Clutter kills me.

When I look around my house and see things laying out of place, or an over cluttered counter or tabletop, it makes me insane. It makes my neck tense up.

It doesn’t even necessarily have to be at home. As soon as I get to work, after getting report on my patients, I start throwing things out. Empty bottles, cups, scribbled notes and stray papers all get immediately swept into the trash can. Then I can focus.

I even bang out the keyboard out onto the desk and then wipe the desk top.

With three kids in the house, the clutter adds up fast. I do my best every day to keep a handle on it, but every so often, I can feel it taking over. The toys spill out into the dining and living room, the craft cabinet overflows and starts pushing the curtain out of the way, the kitchen cabinets don’t quite close. We clean up overnight before bed, but there just doesn’t seem to be a place to put anything.

So with the dumpster already here for the basement clean out (not to mention that it’s free after the sale of my car), I thought “hey, why not clean out the whole house!”

I only wish I had more arms to carry stuff out with.

My first project is the kid’s playroom. With Abby’s 4th birthday and Christmas both coming up, I know its going to get out of control any minute.

Here are some unfiltered, cluttered up, uncleaned or put away or organized before images. The plan is to purge unused toys and junk then organize everything else into bins and baskets. Jeff is working on shelves and a reading bench for around the window.

Once upon a time this room was clean and neat and everything had a place. Pretty soon again it will be!


Thankfulness and Giving


There was a time when I wasn’t so grateful.

I remember when Sam was a baby and I worked second shift, I was blessed to have a babysitter that agreed to keep Sam until I got out of work at 11:30. Despite the fact that she had to be up, dressed and presentable to get her three kids off to school and greet her home daycare kids the next morning at 6am. One day she told me she couldn’t do it anymore. And I acted like such a B. Not only did I not thank her for taking him two nights a week for months, but I acted like it was her DUTY to take my kid on my crazy schedule.

What a jerk, huh?

This is an obvious example but I saw a need for more gratitude in my life. How often do we stop and really think of everything we have to appreciate? Not only to be grateful but to give back. This season of Thanksgiving really gets me thinking about it. God has given us so much; a beautiful healthy family, a comfortable home, steady employment, and the consciousness to see these assets and be good stewards of everything we were given. Or at least try to.

Giving is incorporated in Dave Ramsey’s 7 baby steps. We’re still deep into the debt repayment phase so right now we give a measly 1-2% of our yearly income either to charity or community outreach. We donate monthly to our local food bank. Every Christmas we pick out some farm animals as a family to donate to third world impoverished nations through Heifer International, and the kid’s school has a giving tree through a local church.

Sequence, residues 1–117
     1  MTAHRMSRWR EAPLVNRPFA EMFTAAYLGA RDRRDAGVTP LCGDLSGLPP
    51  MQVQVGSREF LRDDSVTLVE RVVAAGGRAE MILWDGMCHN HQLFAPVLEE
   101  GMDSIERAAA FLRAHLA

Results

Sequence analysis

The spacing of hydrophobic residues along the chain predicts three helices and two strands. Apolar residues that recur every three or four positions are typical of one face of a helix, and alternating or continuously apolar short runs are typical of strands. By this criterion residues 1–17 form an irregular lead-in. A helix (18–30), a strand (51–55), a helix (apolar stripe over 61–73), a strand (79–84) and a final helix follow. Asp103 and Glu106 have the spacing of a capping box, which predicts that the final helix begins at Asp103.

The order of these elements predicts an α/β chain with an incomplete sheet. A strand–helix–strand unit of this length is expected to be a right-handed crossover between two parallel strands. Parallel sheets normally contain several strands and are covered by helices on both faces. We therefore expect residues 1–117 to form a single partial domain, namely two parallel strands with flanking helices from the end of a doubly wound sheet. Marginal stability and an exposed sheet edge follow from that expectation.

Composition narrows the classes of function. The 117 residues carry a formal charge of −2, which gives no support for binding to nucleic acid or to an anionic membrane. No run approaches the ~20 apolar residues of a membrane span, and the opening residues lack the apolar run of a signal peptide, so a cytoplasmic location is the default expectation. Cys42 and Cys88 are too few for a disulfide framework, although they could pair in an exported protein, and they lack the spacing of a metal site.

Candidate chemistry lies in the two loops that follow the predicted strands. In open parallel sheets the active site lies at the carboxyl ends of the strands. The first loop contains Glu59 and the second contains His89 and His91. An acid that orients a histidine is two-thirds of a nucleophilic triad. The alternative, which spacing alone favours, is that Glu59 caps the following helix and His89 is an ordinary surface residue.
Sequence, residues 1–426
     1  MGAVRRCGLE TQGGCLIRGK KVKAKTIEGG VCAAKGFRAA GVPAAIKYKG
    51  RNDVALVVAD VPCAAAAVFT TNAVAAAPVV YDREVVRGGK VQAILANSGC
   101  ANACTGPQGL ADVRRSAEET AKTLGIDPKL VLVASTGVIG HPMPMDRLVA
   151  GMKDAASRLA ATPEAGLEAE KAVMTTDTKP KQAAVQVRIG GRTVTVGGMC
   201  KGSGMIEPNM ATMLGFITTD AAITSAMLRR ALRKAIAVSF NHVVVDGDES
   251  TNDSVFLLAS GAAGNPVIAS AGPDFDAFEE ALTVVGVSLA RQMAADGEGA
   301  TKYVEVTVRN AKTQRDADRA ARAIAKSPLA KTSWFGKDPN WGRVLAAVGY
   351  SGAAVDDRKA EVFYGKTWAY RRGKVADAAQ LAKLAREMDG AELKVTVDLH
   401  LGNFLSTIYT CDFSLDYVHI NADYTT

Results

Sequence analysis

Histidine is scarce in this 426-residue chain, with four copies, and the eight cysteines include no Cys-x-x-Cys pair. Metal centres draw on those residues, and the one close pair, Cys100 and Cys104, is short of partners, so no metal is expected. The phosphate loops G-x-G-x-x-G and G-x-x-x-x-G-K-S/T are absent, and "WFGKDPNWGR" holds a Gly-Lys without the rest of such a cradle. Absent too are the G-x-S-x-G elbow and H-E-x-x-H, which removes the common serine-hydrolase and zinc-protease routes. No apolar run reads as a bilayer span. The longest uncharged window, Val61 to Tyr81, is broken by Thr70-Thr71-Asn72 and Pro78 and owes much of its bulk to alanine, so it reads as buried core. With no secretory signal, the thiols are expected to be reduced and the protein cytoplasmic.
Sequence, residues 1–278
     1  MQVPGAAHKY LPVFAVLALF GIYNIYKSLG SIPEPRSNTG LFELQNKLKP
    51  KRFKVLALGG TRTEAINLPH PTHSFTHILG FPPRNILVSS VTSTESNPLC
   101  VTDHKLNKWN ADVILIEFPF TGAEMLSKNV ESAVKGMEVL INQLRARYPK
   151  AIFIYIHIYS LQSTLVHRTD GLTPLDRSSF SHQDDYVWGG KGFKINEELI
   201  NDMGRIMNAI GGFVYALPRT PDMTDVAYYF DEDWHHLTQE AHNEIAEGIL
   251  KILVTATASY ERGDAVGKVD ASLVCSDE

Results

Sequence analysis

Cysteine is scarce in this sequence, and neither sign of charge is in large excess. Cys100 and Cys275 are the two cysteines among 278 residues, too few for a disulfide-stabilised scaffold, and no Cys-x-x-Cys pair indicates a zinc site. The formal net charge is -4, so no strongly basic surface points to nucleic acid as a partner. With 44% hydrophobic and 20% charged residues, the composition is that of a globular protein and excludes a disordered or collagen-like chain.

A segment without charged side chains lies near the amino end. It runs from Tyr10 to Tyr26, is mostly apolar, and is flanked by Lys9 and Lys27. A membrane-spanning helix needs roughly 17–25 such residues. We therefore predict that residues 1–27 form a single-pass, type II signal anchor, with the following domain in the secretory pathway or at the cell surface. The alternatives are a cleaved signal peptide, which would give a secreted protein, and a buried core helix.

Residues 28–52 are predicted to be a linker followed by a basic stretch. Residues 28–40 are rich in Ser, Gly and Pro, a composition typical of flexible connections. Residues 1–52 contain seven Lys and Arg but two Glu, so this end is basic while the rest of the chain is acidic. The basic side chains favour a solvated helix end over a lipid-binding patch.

This year specifically, we chose a family of six (SIX!) children 1-12 off the giving tree.  We haven’t decided exactly what to give from Heifer, last year we gave a flock of chickens.

New for this year I also plan on making baked goods with the kids and delivering them to the fire house in town. I contacted the police department also, I just haven’t heard back from them about if they have a policy to accept donated food. Both the big kids love to help me in the kitchen, so this will be such a good way to introduce outward expressions of gratitude now that they are old enough to understand.

Years ago before we were so conscious of where our money went, I wouldn’t have ever though we had “extra money” hanging around for charitable donations. But as Dave Ramsey says, a budget is having a purpose for every dollar. We’ve worked giving into our budget and now view it as almost an investment. Not one we ever plan to see a financial or even tangible return on, but more an investment in our emotional lives and this of our children.

7 Years


I’d be remiss if I didn’t mention that yesterday was our 7th anniversary.

To my Husband,

Seven years ago, when we were just 21 and 22, I could see whispers of it, but I couldn’t see our future.

Through these first seven years, through ups and downs, hard times and wonderful times, I am so thankful of the man you are and the family we have.

I can’t wait to see where our next seven years, and beyond, lead us. I can’t see it any clearer than I could the day we both stood on the altar, but whatever it is I’m glad it will be with you.

I love you.

The Past Six Weeks

How is it already November 15th? I feel like I was just planning out October. I really wanted to be more active in this blog, even though it seems like its just for me. This whole wife/mother thing has really kept me super busy lately.